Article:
an assistant professor at the USF College of Public Health who specializes in adolescent health with a special focus on teen pregnancy. comprehensive sex education curriculums have a goal of providing students with consistent and medically-accurate information. Additionally. Generally. Perrin. Yet. a reduction in . relationships. to sexual health” (SIECUS). explains that comprehensive sex education actually raises the age when teenagers first have sex and increases the number of students who choose to remain abstinent which is contrary to one of the many arguments made in favor of abstinence-only sex education that “comprehensive sexuality education programs encourage sexual activity. many comprehensive curriculums also acknowledge and promote the 100% effectiveness of abstinence (Kirby. the teaching of comprehensive sex education has resulted in the desired of reduction of both teenage pregnancies and sexually transmitted diseases because students of comprehensive sex education are more prone to practicing safe sex. especially when federal funding is involved. (Dailard) Comprehensive sex education curriculums teach a broad scope of sexual health-related topics ranging from “human development.Pederson 3 have sex. 452). sexual behavior. In contrast. or that they are not covered in sufficient depth.15). at the same time. This can present a problem when being taught in public schools. due to the separation of church and state. which can be. Karen M. either through implicit acceptance of teen sexuality or by exposing teens to new sexual behaviors” (Perrin. personal skills. Yet a significant percentage report that these topics are not covered in their most recent sexuality education course. These results can have untold positive effects on society as a whole. but are not limited to. which can sometimes be based on a specific religion’s ideologies. abstinence-only sex education is often taught from a basis of morality.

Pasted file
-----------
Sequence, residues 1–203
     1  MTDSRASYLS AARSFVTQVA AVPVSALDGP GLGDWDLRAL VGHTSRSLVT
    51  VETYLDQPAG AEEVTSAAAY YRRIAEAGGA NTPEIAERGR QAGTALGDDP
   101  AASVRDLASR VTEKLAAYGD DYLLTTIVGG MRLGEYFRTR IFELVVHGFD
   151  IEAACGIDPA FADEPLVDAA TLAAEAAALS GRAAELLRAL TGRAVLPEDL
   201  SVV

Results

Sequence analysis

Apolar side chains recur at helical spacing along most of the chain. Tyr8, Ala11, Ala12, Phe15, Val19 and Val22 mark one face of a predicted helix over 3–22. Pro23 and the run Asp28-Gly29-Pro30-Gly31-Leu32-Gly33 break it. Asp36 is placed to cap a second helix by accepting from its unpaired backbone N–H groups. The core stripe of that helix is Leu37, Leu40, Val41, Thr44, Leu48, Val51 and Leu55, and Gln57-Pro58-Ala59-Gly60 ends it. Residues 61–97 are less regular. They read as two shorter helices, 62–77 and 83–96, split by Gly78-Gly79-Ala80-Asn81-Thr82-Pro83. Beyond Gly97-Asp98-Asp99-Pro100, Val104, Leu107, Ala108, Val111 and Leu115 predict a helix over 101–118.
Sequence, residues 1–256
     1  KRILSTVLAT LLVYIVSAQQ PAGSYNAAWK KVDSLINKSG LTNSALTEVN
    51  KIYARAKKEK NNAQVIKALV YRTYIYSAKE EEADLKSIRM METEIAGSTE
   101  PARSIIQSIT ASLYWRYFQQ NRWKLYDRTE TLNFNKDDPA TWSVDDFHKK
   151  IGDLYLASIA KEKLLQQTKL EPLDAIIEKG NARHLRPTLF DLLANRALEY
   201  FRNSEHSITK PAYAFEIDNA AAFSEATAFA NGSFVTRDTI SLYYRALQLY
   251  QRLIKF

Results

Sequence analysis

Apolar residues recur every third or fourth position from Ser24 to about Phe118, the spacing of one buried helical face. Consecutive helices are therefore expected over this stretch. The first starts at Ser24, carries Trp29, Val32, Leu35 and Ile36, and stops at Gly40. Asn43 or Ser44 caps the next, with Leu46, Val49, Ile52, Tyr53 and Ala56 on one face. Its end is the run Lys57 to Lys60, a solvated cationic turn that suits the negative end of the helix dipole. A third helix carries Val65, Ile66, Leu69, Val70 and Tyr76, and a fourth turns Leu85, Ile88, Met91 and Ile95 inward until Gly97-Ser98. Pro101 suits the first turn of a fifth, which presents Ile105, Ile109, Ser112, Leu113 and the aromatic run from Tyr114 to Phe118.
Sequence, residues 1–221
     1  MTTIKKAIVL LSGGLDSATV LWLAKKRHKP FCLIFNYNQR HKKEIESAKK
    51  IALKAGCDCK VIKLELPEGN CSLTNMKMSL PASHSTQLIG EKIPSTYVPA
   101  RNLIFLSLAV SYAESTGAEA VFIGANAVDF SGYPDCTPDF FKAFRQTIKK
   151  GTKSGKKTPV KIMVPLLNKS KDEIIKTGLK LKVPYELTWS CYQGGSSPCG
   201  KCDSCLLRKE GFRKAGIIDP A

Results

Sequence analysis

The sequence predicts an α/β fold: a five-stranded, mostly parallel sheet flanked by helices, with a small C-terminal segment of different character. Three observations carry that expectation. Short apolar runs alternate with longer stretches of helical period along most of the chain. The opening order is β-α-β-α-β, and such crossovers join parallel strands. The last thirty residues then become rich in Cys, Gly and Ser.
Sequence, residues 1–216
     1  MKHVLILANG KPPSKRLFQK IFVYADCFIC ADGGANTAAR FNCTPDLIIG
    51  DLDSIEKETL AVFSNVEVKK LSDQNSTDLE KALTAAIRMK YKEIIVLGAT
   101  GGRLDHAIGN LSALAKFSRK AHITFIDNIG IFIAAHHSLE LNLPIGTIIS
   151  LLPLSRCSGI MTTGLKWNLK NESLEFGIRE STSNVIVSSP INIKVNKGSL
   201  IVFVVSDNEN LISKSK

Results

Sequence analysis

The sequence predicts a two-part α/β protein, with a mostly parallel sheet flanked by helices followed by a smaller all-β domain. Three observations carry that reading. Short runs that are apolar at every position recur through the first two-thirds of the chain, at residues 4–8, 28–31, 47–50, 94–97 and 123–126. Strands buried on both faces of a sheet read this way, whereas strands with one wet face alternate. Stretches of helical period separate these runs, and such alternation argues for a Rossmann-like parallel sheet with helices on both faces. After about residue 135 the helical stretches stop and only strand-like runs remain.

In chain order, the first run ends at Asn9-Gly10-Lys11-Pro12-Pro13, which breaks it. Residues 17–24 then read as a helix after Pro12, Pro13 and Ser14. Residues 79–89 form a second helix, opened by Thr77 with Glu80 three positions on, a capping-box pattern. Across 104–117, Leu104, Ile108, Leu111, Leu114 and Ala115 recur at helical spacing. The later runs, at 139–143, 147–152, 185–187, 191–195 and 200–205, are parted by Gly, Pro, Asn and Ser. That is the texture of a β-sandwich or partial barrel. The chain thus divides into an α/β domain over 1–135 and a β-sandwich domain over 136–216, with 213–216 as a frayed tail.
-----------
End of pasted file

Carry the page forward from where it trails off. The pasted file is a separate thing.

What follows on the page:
2004.Pederson 4 the number of underage parents. Print. Joyce C. . National Center for Health Statistics. the alternative of abstinence. Hyattsville. and Childbearing. Works Cited Abma. Teenagers in the United States: Sexual Activity. of Health and Human Services. Contraceptive Use. Comprehensive sex education teaches about desirable practices. Dept. though good. has proven far less effective and the alternative of abstinence. Md. At present. fewer abortions. actually sought rather than avoided. has proven far less effective.: U.S. and fewer children being put up for adoption. Centers for Disease Control and Prevention. 2002. though good.

"Abstinence-Only Education: How We Got Here and Where We're Going.org/EA2007/EA2007_Full. Douglas. Emerging Answers 2007: Research Findings on Programs to Reduce Teen Pregnancy and Sexually Transmitted Diseases.siecus. Vol.pdf>. Teaching Sex: The Shaping of Adolescence in the 20th Century. Jeffrey P.Pederson 5 Dailard. Guttmacher Institute.viewpage&pageid=521&grandparentID=477&parentID=514#Q5>. Kirby. Parents. Web. Cambridge. 11 Apr. Karen. Teachers and Teens. Web. Perrin. 2001. JSTOR.cfm? fuseaction=page. 2010. Rep. Web. The National Campaign to Prevent Teen and Unplanned Pregnancy.D. <http://www. Cynthia. and Sharon B. Ph. 11 Apr. 2000. <www. 4. 2010. 2010. Publication.org/index. Mass: Harvard University Press. "SIECUS . The Guttmacher Report on Public Policy. Moran." Journal of Public Health Policy 3/4 24 (2003): 445-59.Sexuality Education Q & A." SIECUS. 1st ed. Sex Education: Politicians. DeJoy. 10 Apr. . 2010.thenationalcampaign. Web. 11 Apr.